5 Key Tips to Secure Emergency Back-Up Power

 

Keeping the Power Flowing, Whatever the Circumstances

In the modern era, we are more reliant on electricity than ever. Are you adequately equipped to cope when the lights go out?

Power outages are an inevitable part of life, and if the doom-mongers are right, they could become more common after the UK severs its relationship with the EU. Meanwhile, power fluctuations, while they might seem barely noticeable, can have a detrimental effect on the components in our electronic devices and gadgets.

So what are the tools at our disposal both to ensure we have the necessary emergency backup power in case of power failure and to protect our beloved home electronics from surges and fluctuations?

Backup UPS

The simplest option is to install a backup UPS. This will protect household equipment from minor voltage drops and short-term power outages. The main advantage of a backup UPS is that it is inexpensive. The drawback is the relatively long lag time in switching across to battery power, which may be present problems with some devices.

Interactive UPS

An interactive UPS is great for protecting monitors, system units, LAN nodes, workstations, computer peripherals, and other devices with switching power supplies. This makes it an ideal choice in an office setting. The advantages of a linear-interactive type UPS are the smoother signal stabilization and the ability to work across a wide range of input voltages.

Double conversion UPS

A double conversion UPS is used to power sensitive and expensive equipment with high quality and reliability requirements. For example, servers, workstations, active network equipment and the like.

These devices are significantly more expensive than others. They also generate a fair amount of heat and noise when in use, so are not a good choice in a domestic setting. As well as IT equipment, they can be used to power appliances with asynchronous electric motors, such as refrigeration or heating systems.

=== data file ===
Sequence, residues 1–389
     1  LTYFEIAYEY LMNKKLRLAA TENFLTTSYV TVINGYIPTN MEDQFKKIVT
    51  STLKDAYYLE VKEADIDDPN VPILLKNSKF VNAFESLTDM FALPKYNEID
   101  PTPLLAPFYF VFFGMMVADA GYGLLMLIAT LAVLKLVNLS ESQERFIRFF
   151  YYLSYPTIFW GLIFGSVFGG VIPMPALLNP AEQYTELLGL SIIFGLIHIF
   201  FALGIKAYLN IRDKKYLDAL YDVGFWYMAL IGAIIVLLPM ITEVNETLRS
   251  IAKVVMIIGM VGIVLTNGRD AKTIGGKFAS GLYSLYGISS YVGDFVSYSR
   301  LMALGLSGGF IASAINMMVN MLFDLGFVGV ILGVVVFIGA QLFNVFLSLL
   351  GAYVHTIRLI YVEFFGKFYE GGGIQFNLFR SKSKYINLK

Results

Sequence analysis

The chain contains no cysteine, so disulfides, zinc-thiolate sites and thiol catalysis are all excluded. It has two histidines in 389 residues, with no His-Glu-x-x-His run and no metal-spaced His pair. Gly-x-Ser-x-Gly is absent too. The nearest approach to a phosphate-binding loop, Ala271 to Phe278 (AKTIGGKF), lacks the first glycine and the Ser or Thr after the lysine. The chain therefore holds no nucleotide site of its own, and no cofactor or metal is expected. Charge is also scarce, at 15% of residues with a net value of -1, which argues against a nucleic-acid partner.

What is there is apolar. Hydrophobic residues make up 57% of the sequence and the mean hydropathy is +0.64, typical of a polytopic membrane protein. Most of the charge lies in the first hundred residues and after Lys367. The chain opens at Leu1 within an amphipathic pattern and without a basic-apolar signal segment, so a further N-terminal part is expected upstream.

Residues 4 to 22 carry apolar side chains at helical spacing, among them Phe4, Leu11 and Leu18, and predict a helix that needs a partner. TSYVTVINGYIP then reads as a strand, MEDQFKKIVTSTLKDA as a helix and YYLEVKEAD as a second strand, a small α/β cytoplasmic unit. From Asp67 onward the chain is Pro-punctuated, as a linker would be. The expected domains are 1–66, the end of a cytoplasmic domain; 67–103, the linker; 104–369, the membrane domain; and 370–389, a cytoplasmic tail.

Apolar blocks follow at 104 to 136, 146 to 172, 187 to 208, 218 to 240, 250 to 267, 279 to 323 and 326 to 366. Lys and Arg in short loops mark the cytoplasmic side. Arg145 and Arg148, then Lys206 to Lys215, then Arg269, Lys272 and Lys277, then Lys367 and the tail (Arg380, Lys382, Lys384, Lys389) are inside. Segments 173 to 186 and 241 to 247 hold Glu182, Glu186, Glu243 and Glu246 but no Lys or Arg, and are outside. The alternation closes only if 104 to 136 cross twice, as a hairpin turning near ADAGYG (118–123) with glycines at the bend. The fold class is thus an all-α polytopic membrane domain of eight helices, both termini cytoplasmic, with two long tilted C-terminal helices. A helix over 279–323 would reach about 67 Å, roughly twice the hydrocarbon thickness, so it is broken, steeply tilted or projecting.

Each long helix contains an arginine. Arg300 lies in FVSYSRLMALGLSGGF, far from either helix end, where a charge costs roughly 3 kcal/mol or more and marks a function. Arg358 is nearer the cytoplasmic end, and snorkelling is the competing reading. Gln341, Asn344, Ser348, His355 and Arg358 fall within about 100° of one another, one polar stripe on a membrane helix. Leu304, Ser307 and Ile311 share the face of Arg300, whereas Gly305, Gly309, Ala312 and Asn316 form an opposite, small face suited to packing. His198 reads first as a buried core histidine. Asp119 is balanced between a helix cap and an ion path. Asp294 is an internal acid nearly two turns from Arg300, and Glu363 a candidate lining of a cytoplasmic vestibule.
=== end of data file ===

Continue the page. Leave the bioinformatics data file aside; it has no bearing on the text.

Voltage Regulator

The main advantage of a voltage regulator is that it allows you to adjust the signal in a very wide range. The downside is that if the power cuts out, then so does the voltage regulator. Nevertheless, this is a handy tool if you are operating in an environment where the voltage has a tendency to “jump” unexpectedly.

Generator

If the power supply is stable but there is a risk of long-term outages, then the only sure fire solution is a generator. These are manufactured with a variety of different power ranges and can be used to keep the electricity flowing in both domestic and industrial settings. Most generators are diesel powered and they will come with either an electric starter or a manual system, similar to that found on a petrol lawnmower. A generator will keep running indefinitely as long as you keep it fuelled up, and is relatively straightforward to service, maintain and operate.

The downside is that there is no way to automate the transition to generator power.  Also, generators can be noisy and will inevitably create exhaust gases while running.

Integrated solutions

To ensure maximum protection, using just one of the above solutions might not be sufficient. An integrated solution of, for example, a UPS for emergency lighting and a generator for sustained power outages could cover all the necessary bases.

 

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